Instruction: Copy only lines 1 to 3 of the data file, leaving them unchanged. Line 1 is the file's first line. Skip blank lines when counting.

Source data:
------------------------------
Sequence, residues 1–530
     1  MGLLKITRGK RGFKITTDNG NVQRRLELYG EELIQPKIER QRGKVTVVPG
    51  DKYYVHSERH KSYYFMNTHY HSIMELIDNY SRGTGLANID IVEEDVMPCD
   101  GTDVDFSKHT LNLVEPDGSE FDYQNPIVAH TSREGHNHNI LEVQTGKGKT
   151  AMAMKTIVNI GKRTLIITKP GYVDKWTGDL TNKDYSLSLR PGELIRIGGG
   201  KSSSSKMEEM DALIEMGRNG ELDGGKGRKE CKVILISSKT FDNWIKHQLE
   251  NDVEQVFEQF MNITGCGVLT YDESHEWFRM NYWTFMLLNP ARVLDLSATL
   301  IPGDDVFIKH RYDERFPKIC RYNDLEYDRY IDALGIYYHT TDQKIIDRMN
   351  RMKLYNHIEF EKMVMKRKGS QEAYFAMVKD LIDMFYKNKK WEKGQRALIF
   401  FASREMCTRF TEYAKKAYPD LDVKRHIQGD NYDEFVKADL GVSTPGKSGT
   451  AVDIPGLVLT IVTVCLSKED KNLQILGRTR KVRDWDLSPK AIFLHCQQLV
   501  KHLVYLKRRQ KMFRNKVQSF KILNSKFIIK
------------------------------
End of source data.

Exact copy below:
Sequence, residues 1–530
     1  MGLLKITRGK RGFKITTDNG NVQRRLELYG EELIQPKIER QRGKVTVVPG
    51  DKYYVHSERH KSYYFMNTHY HSIMELIDNY SRGTGLANID IVEEDVMPCD